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Posts: n/a
Default


"Elaine T" wrote in message
...
I'm setting up a 15gal tall replacement for my 5 gallon tank. It's a
very tall Oceanic Eclipse tank (20"x10"x20" high) and I thought an
asymmetric V shape with two pieces of plant-covered bogwood would make a
beautiful Amano style setup. I've found two pieces of long, 3" wood but
they're rather heavy and difficult to prop in place to make the V. I'm
afraid they'll fall and break the glass.

My first thought was to silicone them to the glass, but they'll be hard
to clean around. Burying the ends in the substrate might work, but I'm
not sure enough to risk the glass trying it. I would use rocks at the
base of the wood in a bigger tank but I don't want to lose any more
substrate room, because I want heavy plantings. My favorite thought so
far is to support the wood with a plexiglass rod, concealed in
plantings. I could drill into the high end of the wood and set a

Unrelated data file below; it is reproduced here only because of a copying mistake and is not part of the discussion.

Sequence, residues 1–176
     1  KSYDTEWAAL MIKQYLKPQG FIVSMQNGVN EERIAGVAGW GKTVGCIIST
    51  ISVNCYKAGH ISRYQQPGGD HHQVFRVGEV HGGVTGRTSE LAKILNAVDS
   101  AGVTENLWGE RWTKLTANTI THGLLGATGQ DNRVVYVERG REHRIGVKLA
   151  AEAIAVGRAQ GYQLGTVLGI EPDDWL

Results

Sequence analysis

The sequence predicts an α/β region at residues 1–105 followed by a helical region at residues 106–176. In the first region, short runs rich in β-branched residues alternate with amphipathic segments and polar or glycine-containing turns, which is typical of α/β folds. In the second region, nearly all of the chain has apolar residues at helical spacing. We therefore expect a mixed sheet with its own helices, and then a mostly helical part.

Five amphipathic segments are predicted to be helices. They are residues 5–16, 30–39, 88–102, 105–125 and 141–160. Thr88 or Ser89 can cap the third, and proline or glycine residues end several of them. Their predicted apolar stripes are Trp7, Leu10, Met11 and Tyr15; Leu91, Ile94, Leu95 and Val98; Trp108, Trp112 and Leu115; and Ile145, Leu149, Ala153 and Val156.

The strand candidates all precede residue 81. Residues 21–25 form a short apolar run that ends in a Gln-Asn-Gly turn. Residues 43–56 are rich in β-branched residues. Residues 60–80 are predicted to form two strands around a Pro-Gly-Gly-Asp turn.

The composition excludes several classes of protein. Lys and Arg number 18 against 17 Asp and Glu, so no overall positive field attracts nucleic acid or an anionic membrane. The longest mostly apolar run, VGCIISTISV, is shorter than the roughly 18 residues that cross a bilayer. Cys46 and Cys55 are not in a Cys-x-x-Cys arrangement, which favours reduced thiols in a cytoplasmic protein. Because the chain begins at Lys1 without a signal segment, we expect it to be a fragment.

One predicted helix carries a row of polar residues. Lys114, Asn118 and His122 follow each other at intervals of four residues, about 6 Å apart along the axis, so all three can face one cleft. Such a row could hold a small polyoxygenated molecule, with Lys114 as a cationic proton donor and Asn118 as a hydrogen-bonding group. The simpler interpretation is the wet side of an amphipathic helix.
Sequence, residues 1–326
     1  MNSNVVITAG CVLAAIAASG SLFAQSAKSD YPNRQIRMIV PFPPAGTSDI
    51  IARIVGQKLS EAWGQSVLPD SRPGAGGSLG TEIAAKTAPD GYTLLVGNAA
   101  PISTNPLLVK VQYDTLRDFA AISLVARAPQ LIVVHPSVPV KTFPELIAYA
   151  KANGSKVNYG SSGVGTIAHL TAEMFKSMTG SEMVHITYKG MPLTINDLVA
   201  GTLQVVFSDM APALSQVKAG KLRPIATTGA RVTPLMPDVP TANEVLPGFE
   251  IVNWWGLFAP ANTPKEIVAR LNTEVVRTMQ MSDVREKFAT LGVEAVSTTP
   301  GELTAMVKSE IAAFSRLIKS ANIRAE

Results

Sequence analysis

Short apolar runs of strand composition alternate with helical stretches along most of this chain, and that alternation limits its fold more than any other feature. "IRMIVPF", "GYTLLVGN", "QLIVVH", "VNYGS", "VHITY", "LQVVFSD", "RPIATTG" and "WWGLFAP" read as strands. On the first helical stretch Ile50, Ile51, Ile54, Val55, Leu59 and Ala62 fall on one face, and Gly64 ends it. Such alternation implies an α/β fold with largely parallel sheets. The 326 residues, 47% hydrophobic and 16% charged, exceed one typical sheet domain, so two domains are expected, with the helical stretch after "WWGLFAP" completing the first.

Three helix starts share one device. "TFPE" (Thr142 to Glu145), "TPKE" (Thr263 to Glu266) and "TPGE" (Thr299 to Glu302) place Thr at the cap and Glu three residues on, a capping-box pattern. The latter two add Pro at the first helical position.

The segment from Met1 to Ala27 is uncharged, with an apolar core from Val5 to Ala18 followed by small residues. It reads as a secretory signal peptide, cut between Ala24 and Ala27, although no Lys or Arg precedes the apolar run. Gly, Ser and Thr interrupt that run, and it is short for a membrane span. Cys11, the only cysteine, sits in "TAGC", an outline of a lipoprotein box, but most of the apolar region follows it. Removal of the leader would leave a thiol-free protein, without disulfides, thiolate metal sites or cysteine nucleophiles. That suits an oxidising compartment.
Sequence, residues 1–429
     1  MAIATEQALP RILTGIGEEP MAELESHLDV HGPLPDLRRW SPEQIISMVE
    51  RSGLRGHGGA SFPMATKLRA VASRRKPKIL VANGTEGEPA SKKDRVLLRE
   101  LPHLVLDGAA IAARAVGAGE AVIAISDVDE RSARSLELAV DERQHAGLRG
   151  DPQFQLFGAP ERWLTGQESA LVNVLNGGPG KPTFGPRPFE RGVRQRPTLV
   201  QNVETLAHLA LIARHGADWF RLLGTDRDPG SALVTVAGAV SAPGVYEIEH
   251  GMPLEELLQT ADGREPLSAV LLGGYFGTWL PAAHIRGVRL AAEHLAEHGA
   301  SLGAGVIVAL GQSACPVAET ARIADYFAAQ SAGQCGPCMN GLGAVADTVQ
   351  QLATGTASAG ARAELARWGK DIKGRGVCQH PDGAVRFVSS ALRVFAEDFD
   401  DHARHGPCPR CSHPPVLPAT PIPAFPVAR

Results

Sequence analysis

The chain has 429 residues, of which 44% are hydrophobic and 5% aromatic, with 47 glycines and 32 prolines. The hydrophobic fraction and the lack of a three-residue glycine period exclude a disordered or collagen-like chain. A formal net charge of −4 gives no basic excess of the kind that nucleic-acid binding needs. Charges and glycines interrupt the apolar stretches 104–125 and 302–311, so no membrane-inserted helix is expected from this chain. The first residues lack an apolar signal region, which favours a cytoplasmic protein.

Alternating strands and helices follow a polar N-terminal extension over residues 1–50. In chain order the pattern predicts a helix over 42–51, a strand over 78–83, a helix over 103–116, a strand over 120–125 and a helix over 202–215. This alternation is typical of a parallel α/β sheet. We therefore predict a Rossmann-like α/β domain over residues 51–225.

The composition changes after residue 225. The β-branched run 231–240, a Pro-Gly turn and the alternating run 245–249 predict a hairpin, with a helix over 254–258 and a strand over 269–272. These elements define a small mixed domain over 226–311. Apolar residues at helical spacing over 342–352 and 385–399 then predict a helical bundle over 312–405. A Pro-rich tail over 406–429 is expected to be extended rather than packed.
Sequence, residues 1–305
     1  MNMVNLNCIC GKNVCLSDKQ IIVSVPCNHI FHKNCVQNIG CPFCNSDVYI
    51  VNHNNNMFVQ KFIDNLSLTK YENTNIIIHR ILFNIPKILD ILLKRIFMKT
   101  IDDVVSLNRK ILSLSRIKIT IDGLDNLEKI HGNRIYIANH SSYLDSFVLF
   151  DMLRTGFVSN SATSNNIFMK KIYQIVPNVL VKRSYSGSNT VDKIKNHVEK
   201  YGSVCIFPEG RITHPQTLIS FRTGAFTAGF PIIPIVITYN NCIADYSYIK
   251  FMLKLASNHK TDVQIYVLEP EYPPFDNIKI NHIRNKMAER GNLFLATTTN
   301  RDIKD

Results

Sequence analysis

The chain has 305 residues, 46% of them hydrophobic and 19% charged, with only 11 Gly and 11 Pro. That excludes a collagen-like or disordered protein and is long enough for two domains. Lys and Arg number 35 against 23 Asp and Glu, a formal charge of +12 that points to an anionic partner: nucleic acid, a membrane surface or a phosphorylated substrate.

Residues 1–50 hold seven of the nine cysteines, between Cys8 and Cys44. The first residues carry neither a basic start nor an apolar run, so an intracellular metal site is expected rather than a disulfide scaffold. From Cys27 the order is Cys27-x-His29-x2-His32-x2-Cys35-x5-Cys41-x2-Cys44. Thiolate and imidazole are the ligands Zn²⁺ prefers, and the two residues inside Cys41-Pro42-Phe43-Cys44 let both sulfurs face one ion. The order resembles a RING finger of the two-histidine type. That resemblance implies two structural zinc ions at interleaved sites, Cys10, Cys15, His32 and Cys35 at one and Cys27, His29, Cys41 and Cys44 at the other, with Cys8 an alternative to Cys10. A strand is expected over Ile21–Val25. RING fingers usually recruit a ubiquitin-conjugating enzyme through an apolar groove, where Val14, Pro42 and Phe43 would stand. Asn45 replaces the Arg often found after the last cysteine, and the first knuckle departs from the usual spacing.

vertical rod in the wood that would sit on the bottom of the tank and
support the wood to keep it from sliding down. Does this sound workable?

Has anyone tried to arrange bogwood propped at sharp angles against tank
glass? How did you do it? I'm open to all ideas because I'm not sure I
like any of mine.

--
Elaine T __
http://eethomp.com/fish.html '__
rec.aquaria.* FAQ http://faq.thekrib.com


Congrats on the new tank :-)

I've got two very large pieces of bogwood in one of the tanks. I just put it
in - it hasn't moved (unless I've moved it during cleaning) for 9 months. It
does rest against the glass in places - mainly because of it's size.